Lutheran theologian; b. Treuenbreitzen, Nov. 9, 1522; d. Braunschweig, April 8, 1586. Educated despite his lack of financial resources, at Magdeburg (1539–42), Frankfurt (1543), Wittenberg (1545), and Königsberg (M.A. 1547), Chemnitz was librarian to Albert of Prussia, Königsberg (1550). Returning to Wittenberg (April 1553), he entered the ministry in December 1553 as pastor of St. Aegidi and assistant to Superintendent Mörlin in Braunschweig. Chemnitz, a fellow student of melanchthon, replied to the attack on lutheranism by young jesuits of Cologne in his Theologiae Jesuitarum praecipua capita (1562). In answer to attacks by the Portuguese Jesuit Andradius, Chemnitz worked eight years on his Examen concilii Tridentini (1565–73). His fourvolume scholarly analysis of Trent's decisions, based on Scripture, the Fathers, and the history of Catholic dogma, enhanced his reputation far beyond Germany and elicited Jesuit respect for a formidable opponent and scholar. Chemnitz was then in demand as a consultant in doctrinal disputes.
In 1567, upon the request of Duke Albert, Chemnitz accompanied Superintendent Mörlin to Prussia to reorganize the church after the Osiander confusion. Chemnitz's role in drafting the Corpus doctrinae Prutenicum (1567) and a similar church ordinance for Braunschweig-Wolfenbüttel, the Corpus doctrinae Julium (1569), secured his reputation as a church organizer. Although defending Melanchthon against flacius in earlier vain attempts to straighten out the Adiaphora Streit, Chemnitz maintained his more conservative orthodox Lutheran position. He contributed significantly to the final draft (1580) and later defense of the Konkordienformel, and was particularly effective in clarifying the doctrines on the Person of Christ and His place in the Lord's Supper. Chemnitz's De duabus naturis in Christo, de hypostatica earum unione, de communicatione idiomatum, etc.(1570) laid the foundation for article eight in the Formula of Concord (1580). His "Postilla" likewise exemplified clear and excellent Biblical exposition. Chemnitz was by nature a reflective if eclectic theologian, a profound scholar, and an accomplished linguist, but withal a practical churchman. His goal was to set forth in simple, concise form what the Word of God taught. Doubtless, Chemnitz's inclination toward the reduction of his beliefs to a corpus doctrinae tended to crystallize and formalize the Grundsätze of the Reformers. Also his insistence in creating a definite church polity with the accompanying purist forms, such as black attire without ornamentation for women at communion, tended to standardize church customs.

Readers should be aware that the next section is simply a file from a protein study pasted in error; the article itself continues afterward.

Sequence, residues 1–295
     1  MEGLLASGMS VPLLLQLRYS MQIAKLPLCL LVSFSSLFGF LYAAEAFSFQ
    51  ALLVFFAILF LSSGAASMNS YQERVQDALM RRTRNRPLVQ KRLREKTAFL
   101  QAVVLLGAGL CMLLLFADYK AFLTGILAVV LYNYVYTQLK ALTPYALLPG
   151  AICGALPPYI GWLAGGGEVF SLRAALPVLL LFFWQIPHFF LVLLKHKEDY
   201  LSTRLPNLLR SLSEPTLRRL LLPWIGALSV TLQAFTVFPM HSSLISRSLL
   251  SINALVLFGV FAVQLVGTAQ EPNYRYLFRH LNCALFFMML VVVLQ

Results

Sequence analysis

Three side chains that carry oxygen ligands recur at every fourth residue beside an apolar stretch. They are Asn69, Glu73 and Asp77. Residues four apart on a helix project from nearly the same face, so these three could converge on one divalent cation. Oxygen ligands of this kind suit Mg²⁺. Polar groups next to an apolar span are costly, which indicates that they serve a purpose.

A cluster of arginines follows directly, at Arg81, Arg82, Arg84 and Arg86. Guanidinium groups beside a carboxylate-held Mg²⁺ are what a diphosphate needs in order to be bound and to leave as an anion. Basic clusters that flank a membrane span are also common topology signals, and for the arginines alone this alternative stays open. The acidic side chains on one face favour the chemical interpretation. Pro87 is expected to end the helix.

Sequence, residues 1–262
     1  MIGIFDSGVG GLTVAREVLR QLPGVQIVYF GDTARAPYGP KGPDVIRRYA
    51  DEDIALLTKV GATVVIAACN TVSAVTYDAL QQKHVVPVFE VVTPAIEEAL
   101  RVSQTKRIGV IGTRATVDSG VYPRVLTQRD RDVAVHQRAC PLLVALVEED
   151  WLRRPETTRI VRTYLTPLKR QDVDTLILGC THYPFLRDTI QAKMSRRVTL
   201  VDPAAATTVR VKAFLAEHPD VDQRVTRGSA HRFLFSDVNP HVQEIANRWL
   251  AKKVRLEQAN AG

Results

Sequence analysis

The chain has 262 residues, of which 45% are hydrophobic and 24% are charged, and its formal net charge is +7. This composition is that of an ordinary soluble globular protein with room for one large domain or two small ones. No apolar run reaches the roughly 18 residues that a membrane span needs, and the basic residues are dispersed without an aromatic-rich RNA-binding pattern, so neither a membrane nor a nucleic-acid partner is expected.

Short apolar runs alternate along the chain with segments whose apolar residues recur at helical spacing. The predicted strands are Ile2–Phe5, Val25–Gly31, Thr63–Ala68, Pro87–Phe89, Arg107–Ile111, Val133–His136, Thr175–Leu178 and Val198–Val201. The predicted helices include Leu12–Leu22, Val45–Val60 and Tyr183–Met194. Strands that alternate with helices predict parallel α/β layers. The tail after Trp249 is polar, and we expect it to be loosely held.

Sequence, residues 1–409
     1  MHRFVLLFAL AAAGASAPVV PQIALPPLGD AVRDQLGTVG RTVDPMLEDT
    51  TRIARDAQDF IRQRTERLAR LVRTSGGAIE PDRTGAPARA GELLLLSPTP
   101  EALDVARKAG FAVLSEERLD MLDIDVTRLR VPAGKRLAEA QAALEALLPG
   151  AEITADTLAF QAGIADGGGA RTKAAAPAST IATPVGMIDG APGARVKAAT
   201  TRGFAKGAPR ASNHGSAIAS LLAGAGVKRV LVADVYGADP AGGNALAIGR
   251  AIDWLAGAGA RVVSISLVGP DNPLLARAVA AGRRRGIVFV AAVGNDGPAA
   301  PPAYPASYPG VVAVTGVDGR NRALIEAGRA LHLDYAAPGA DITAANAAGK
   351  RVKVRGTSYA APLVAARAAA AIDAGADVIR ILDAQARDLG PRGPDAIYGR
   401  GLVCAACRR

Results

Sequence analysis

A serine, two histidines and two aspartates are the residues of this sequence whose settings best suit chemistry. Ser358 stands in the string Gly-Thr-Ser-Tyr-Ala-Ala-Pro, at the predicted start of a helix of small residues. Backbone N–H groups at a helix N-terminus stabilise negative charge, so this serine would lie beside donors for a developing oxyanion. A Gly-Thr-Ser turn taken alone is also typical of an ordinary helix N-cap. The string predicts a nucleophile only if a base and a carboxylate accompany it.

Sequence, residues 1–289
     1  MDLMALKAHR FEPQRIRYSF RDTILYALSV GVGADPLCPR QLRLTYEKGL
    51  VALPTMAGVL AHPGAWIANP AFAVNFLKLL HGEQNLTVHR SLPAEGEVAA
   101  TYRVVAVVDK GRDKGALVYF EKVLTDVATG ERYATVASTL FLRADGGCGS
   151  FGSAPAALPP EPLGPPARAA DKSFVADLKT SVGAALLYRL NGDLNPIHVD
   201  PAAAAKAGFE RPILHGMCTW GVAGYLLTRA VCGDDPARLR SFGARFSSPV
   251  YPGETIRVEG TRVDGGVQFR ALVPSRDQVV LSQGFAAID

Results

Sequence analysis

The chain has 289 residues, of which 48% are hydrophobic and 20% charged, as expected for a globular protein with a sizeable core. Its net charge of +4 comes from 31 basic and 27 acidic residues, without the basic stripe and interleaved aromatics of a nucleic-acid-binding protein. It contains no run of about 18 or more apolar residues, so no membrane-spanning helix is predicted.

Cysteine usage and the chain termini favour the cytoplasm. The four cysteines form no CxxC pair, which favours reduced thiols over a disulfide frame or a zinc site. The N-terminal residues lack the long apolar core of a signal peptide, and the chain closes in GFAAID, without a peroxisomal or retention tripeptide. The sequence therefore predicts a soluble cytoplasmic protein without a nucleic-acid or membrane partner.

Bibliography: t. pressel, Martin Chemnitz (Leben und ausgewählte Schriften der Väter und Begründer der Lutherischen Kirche, ed. j. hartmann, v.8; Elberfeld 1862). p. j. rechtmeyer, Der berühmten Stadt Braunschweig Kirchenhistorie, v.3 (Braunschweig 1710) 273–536, best source of his life. e. w. zeeden, Lexikon für Theologie und Kirche, ed. j. hofer and k. rahner (2d, new ed. Freiburg 1957–65) 2:1043–44. f. lau, Die Religion in Geschichte und Gegenwart (3d ed. Tübingen 1957–65) 1:1647–48. g. noth, Grundlinien der Theologie des M. Chemnitz (n.p. 1930). e. wolf, Neue deutsche Biographie (Berlin 1953–) 3:201–202.
[e. g. schwiebert]